The E Factor: Entrepreneurial Competencies for Person and Business Success

David Gibson (Queen ‘s University, Belfast)

It is not often that a book on entrepreneurship yanks my chain. Usually such books are either of the motivational variety nowadays penned by some TV ‘personality ‘ or the innocuous how to start a business kind. Both have their place, I suppose. The first provides entertainment wrapped as education, while the second passes on information of the sort that you would be hard-pressed not to classify as ‘textbook tedious ‘.

They both have their limitations. At best, a book about/by Richard Branson or some Dragon ‘s Den expert can show you where you want to go. And a start-a-business book can map out your first practical steps and keep you on the right side of the law. But how can you link the two realms together? How do you get from the starting blocks to the finish line? What sort of person do you need to become?

Gibson ‘s book answers this question. And in so doing, he has written the sort of book I love one that takes elements from two worlds and blends them together to create something greater than the parts. In this case, those ‘parts ‘ are the fields of business studies and personal development. They could easily be set in opposition science versus pop psychology but Gibson instead aims for something much more complex and worthwhile: a synthesis, a holistic integration of these two realms around the core theme of success skills.

I think he achieves this aim. And he does so for one, main reason. David Gibson is an academic, but not a mere academic. Senior Teaching Fellow in the Queen ‘s University Management School, he specialises in post-graduate education. But he started off in the worlds of finance and consultancy. He has gotten his hands dirty. It is clear from his book that he still has a hunger for it. We businesspeople can respect this.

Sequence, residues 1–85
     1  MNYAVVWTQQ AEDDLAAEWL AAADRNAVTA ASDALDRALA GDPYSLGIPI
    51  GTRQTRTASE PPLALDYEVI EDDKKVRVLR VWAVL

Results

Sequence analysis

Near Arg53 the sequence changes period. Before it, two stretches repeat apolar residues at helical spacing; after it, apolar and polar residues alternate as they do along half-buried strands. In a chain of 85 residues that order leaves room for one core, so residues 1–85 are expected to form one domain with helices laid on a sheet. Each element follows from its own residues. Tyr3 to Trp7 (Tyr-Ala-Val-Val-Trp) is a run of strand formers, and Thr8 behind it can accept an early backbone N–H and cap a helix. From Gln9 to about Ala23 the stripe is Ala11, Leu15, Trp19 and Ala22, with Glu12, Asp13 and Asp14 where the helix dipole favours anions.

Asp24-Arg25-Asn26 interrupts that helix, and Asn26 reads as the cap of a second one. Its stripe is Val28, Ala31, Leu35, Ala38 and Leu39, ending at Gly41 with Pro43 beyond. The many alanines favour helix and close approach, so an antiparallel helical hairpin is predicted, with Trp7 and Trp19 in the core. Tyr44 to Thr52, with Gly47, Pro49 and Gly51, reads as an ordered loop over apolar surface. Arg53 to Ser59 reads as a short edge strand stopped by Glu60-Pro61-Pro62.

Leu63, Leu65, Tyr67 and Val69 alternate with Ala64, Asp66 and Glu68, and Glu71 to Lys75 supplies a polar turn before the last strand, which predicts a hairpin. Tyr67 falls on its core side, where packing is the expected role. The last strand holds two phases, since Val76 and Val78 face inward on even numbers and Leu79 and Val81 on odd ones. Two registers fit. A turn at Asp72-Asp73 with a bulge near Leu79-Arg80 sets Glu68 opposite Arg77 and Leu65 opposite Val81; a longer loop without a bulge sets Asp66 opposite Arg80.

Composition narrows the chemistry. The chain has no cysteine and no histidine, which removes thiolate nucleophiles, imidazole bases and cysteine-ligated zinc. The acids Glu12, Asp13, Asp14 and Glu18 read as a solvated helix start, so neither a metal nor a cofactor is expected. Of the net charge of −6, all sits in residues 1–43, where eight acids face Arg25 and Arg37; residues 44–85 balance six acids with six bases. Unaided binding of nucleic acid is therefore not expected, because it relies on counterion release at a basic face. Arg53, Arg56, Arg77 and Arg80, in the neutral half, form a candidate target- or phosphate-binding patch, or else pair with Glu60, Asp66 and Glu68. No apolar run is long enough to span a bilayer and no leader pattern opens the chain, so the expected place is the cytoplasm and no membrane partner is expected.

The purpose of The E Factor is quite remarkable. Gibson states from the outset his belief that successful entrepreneurship (1) is a skill set (2) that anyone can learn through practice. Some of you may have fainted at these notions; those of you who remained unmoved have not understood their revolutionary force. No longer is entrepreneurship a mystical art possessed by a chosen and lucky few. It can be delineated and analysed. It can be taught and learned. It can be modelled and practiced. This book shows how.

Gibson divides his E Factor into eight competencies and gives a chapter to each. I won ‘t expound them. But I will set out the chapter headings for you so you can see where the book takes us. And I will gather together what I have found as some of the interesting points made. Here they are:

1. Innovation and Creativity

2. Personal Mastery

3. Assertion/Negotiation

4. Personal Marketing

5. Finance

6. Influence

7. Leadership and Team Building

8. Outcome/Flexible Action Orientation

As you can tell from these subheadings, the topics range from thinking skills to soft skills, from the administrative to the motivational. Some of it resembles the content of a workshop on Personal Effectiveness or Communication Skills, while other parts are taken straight out of an introductory course in Business and Finance. Yet others belong to neither, and feel like something out of a psychology degree.